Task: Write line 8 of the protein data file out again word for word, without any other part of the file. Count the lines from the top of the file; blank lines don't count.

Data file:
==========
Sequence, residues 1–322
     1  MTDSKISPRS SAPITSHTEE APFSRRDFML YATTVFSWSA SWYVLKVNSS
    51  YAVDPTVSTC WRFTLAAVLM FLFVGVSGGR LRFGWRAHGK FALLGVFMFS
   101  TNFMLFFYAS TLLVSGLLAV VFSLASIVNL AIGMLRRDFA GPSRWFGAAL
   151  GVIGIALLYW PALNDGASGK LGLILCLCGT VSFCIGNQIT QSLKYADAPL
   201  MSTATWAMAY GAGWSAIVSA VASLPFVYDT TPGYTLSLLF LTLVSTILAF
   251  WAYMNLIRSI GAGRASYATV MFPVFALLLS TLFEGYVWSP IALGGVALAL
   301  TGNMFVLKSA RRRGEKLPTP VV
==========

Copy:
   301  TGNMFVLKSA RRRGEKLPTP VV